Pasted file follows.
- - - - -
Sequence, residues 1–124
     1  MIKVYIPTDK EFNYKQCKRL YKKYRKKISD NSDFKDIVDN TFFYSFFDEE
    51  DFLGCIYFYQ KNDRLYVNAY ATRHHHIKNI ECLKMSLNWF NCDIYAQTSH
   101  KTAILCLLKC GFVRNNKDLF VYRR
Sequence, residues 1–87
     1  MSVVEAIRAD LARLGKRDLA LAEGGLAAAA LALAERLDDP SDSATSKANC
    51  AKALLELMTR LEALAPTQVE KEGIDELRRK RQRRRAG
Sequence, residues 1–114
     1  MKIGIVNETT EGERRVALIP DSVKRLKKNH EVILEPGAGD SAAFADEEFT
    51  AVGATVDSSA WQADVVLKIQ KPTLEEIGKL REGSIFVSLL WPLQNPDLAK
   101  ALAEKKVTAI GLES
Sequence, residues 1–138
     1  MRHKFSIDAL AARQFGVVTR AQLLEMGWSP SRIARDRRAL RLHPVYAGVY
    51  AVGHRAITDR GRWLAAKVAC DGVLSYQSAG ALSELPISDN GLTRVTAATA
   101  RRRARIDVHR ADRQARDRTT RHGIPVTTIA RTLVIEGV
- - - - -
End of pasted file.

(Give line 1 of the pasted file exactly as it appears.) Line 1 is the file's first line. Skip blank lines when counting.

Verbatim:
Sequence, residues 1–124